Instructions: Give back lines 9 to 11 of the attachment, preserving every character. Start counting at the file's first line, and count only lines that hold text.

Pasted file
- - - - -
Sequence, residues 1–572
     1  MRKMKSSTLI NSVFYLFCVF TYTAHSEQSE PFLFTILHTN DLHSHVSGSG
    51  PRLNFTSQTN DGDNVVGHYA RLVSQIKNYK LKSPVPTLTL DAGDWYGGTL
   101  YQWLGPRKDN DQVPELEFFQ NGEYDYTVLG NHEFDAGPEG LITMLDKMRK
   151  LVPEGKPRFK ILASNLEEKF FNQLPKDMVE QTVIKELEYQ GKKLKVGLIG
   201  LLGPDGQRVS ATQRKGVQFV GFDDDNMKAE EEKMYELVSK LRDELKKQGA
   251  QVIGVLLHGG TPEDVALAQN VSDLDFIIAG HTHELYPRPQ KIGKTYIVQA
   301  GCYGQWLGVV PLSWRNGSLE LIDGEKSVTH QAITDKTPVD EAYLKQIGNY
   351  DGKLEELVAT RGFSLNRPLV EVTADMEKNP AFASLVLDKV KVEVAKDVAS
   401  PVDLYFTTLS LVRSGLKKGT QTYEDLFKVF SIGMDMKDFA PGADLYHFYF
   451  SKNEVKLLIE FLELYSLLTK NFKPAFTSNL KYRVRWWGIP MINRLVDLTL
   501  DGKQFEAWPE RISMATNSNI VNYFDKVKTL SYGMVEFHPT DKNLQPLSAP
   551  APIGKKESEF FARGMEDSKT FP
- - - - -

   351  DGKLEELVAT RGFSLNRPLV EVTADMEKNP AFASLVLDKV KVEVAKDVAS
   401  PVDLYFTTLS LVRSGLKKGT QTYEDLFKVF SIGMDMKDFA PGADLYHFYF
   451  SKNEVKLLIE FLELYSLLTK NFKPAFTSNL KYRVRWWGIP MINRLVDLTL